Summary: A discussion on how SOMETIMES, it’s not the son who left home who causes the trouble; sometimes, it’s the son who was left at home...

Lost In The House [Part I]

Sub Topic: Pouting And Out Of Place

Scripture Text: Luke 15:25 – 30

Introduction: The more I study this passage, the more I am apt to believe that the passage centers upon the suggestion that “lostness” is not predicated upon a position as much as it is upon a predisposition. In other words, being lost DOES NOT have as much to do with WHERE YOU ARE as it does with HOW YOU ARE. I can be lost, but as long as I can recognize that I am unfamiliar with my surroundings and place myself in a position as to where I can receive direction and instruction, then over the evolution and expenditure of time, I will maneuver out of that unfamiliar place. That’s why IF there is such a thing as “DEGREES OF LOSTNESS”, [simply for argument’s sake] we will argue that the prodigal son was NOT AS LOST as the pouting son. The prodigal son was lost, but over time he recognized that he was lost. The pouting son was lost, didn’t know that he was lost, and never set a foot outside his father’s home. This leads me to the suggestion that you can be lost in the house; as a matter of fact, that’s what happened to all three of the examples given in Jesus’ parables: the sheep was lost but still belonged to the sheepfold. The silver was lost but was still in the woman’s home. The prodigal son set himself outside of his father’s house, but the pouting son stayed at home and was lost even though he was in the proximity of his father. So, the danger MAY NOT be so much of getting out of the Father’s presence; the danger is not so much getting out of the Father’s house and doing your own thing. That may not be the danger; the danger becomes pertinent and viable when you can be lost AND STILL be in the presence of your father. Jesus even says something when He alludes to the prophecy of Isaiah in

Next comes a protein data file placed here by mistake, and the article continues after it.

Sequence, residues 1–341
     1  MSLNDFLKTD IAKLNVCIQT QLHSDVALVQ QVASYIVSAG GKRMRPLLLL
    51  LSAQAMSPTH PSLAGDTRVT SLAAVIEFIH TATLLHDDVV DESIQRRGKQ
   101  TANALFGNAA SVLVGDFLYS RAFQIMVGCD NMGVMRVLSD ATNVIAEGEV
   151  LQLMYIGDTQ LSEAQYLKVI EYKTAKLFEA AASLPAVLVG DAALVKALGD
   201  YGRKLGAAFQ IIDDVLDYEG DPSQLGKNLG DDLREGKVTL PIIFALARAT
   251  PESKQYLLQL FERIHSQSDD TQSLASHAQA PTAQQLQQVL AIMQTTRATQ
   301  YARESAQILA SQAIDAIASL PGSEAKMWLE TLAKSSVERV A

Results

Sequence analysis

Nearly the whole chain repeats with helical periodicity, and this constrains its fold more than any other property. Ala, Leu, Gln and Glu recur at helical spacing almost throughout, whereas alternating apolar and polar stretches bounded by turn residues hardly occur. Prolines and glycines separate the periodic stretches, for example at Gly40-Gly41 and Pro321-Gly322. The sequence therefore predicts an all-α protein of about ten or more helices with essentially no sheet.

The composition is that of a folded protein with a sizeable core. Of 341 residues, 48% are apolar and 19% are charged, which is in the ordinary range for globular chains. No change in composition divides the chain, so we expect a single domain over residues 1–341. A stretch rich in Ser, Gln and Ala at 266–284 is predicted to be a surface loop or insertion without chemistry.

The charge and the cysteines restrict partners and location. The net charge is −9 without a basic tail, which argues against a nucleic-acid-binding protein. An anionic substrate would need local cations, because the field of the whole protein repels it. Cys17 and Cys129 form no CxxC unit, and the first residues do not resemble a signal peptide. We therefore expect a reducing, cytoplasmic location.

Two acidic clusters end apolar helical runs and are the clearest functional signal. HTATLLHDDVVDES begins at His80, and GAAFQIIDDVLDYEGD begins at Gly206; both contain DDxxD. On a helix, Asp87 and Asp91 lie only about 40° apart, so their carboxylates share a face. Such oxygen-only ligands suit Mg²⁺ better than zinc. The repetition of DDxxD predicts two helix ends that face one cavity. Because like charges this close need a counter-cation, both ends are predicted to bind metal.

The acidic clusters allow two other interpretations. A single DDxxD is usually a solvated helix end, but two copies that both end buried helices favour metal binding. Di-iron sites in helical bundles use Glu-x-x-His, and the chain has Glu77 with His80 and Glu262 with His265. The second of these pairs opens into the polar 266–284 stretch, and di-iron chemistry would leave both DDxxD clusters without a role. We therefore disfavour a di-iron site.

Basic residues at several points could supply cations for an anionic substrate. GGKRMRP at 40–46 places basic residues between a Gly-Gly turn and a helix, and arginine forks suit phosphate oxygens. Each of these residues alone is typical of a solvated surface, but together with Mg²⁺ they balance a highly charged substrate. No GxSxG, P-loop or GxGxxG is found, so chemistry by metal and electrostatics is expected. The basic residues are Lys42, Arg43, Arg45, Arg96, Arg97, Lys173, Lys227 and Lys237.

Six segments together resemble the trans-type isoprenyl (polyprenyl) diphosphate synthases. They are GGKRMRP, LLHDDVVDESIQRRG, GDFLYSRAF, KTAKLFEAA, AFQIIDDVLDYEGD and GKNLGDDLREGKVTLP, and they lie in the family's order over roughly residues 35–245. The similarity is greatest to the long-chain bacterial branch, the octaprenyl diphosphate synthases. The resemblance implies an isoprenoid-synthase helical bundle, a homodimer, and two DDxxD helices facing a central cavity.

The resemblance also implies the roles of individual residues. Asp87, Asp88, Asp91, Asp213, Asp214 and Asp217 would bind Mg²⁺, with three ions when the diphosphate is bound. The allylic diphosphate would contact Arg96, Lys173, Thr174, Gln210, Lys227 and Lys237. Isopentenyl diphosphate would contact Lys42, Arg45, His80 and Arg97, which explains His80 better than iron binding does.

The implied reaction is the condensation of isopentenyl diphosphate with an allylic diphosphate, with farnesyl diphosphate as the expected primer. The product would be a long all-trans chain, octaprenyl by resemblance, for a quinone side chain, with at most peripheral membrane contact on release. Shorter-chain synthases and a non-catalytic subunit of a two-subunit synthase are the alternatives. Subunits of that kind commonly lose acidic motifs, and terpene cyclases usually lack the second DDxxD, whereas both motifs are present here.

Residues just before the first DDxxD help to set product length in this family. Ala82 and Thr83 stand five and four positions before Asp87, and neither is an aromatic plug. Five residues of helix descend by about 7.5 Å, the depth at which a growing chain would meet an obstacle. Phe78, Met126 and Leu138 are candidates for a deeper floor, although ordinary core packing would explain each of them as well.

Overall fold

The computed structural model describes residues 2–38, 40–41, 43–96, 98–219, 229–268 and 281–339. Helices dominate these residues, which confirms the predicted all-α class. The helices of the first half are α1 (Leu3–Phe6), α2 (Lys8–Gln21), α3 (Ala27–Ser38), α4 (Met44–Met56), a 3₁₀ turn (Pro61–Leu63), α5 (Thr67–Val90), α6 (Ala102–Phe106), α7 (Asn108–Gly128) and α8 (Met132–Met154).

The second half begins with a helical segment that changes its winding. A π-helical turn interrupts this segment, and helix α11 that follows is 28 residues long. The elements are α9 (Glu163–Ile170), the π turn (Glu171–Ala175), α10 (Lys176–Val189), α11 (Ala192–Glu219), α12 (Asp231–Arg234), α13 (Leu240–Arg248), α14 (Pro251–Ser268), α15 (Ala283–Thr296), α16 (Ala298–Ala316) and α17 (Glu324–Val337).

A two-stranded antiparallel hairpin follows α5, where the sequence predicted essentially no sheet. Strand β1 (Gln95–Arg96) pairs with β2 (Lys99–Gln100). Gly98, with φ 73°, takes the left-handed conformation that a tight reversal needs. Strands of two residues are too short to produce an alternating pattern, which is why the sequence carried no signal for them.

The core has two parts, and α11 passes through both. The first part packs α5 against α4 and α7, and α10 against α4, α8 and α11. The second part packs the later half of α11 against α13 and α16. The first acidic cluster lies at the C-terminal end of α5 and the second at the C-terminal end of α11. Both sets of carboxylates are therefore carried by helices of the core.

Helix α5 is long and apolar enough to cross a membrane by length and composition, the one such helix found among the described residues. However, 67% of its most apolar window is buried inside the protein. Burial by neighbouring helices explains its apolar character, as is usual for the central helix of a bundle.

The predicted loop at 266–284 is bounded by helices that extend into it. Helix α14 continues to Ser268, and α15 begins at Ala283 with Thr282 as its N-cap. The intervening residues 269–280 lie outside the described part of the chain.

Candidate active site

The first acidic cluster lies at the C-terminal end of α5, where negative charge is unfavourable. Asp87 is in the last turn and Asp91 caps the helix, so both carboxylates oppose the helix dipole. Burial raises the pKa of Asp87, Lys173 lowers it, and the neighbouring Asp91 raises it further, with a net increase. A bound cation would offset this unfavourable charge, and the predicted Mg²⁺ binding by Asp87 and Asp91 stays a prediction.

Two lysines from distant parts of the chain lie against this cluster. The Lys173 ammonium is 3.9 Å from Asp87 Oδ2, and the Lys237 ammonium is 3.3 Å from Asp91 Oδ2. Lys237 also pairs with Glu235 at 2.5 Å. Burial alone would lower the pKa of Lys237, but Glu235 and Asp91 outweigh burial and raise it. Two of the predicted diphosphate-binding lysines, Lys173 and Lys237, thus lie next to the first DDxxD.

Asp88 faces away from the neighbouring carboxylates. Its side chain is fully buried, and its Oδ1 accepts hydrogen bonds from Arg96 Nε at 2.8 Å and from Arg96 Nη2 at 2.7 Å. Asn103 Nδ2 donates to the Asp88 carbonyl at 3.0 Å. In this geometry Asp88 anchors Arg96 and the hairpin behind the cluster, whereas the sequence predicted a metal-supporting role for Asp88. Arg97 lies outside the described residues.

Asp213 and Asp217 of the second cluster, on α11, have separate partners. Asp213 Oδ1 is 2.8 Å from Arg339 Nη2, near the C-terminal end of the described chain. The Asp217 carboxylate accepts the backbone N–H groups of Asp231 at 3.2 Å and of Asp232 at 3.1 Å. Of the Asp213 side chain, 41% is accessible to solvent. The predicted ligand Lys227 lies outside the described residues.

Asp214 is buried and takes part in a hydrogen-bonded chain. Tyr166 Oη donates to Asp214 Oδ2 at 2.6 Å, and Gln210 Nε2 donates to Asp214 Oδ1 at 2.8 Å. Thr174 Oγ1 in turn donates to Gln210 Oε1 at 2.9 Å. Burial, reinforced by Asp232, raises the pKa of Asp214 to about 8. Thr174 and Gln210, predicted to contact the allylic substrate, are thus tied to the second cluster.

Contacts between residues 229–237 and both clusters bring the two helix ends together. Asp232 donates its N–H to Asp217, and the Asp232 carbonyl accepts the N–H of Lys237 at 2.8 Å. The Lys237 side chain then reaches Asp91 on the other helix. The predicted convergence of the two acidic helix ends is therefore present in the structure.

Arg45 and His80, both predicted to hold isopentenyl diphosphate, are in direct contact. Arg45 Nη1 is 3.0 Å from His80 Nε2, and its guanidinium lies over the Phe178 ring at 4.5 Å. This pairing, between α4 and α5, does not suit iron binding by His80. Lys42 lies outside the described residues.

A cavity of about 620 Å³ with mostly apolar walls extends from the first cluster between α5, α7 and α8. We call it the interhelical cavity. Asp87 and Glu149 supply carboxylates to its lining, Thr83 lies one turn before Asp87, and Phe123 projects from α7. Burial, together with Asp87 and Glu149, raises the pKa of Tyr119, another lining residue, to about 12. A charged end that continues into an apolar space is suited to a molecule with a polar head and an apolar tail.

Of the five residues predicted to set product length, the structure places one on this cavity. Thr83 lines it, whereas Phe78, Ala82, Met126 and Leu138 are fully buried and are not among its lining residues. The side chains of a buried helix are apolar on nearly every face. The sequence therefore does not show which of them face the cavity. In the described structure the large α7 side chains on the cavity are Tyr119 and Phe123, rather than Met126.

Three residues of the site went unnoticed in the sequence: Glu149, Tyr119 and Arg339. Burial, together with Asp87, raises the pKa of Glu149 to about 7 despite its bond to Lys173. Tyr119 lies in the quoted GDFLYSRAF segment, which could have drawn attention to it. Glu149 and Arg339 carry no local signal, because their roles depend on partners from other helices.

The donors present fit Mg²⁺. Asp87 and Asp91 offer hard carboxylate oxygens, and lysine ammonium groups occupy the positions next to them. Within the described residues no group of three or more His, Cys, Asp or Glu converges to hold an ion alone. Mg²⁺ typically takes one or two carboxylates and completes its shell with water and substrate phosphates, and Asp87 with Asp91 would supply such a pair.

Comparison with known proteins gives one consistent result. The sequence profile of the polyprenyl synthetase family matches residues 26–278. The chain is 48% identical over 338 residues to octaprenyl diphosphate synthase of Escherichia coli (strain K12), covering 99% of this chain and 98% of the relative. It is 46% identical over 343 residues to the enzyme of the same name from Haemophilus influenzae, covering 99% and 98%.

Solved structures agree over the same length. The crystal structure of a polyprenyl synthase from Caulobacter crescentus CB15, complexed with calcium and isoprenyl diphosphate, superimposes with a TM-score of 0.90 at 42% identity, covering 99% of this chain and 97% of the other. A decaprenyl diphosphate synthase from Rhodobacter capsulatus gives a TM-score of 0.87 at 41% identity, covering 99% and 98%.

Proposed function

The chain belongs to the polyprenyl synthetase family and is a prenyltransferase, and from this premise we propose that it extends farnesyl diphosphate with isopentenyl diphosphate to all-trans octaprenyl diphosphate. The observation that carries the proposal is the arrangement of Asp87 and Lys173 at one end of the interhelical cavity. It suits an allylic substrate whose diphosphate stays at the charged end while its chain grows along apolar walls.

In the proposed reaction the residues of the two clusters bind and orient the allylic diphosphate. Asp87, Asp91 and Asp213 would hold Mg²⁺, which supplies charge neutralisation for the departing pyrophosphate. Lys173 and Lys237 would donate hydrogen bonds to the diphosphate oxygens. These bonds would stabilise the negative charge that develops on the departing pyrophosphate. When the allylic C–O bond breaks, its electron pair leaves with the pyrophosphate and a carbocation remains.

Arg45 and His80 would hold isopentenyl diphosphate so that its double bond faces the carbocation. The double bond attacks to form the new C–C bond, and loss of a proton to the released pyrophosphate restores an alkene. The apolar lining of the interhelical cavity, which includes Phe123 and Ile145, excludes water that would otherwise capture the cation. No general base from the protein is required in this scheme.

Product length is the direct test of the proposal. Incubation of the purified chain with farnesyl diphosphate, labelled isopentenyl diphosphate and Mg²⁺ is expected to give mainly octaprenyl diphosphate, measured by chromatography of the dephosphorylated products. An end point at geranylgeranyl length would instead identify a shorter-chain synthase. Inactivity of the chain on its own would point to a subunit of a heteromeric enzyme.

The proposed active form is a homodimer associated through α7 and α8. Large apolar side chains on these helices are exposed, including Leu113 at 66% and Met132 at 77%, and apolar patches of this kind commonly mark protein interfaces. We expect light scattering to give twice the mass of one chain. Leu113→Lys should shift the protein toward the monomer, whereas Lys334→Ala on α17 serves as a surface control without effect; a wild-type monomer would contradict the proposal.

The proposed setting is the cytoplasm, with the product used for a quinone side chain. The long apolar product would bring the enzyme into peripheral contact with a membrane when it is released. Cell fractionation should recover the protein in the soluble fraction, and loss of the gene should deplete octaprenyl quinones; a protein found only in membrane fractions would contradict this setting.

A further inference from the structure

Matthew 15:8, 9 – “‘These people draw near to me with their mouth, and honor Me with their lips, but their heart is far from Me. [9] And in vain they worship Me, teaching as doctrines the commandments of men.’”

So, you can come to church every Sunday, you can sing in the choir, you can preach in the pulpit, you can stand on your post on the door, you can be a deacon, you can be a trustee, you can be a mother, you can be a musician, and it won’t matter. What’s so dangerous about being lost while in the house is that you will substitute a church service for knowing [recognizing] where you are. In other words, you can come to church for years and still be “lost in the house.” What I’ve come to discover [discern and distinguish] is that people are lost and show up in church every Sunday; coming to church is not an automatic indication that your spiritual compass is intact. So, what does the text say about being lost within the house? We pick up on where the prodigal son has repented and has made his way back home. The father meets him and receives his son, and then they head towards the house for a celebration. The father [in his exuberant enthusiasm] does his thing with the son: he gives him a ring [a symbol of perpetual covenant]; he gives him a robe [a symbol of protective covering] and he gives him shoes [a symbol of prevalent courtesy]. Let me preach there for a minute because the love of the father is so undeniable [so inexplicable]; he gave his son a ring suggesting that no matter what the child had become, he was still his father’s child. Not only did he give him a ring; he gave him a robe suggesting that no matter what the child had done, his love was enough to cover him in spite of everything his child had gotten into. Not only did he give him a ring [perpetual covenant] and a robe [protective covering], but the father also gave him shoes [prevalent courtesy], which suggests to me that it didn’t matter where the child had gone or how far he had wandered from home: the father loved his child to the degree that he looked at his child’s old shoes [a sign of where he’d been] and gave him brand new ones because he was headed in a new direction. Not only does he do all of this for his son, but the father then calls for the servants and the chefs because he knows that his child is hungry [he doesn’t eat swine, but was willing to eat what the swine ate] so the father says, “We’re all having steak and baked potatoes.” So, there is a celebration going on. [But] The text reveals how you can be lost even though you’re within the house; the prodigal son has a brother who shows me several characteristics in the midst of his brother’s return, but we’ll only have time to discuss three of those characteristics. The first thing the pouting son showed me in the text was his ABSENCE DURING HIS BROTHER’S RECEPTION.

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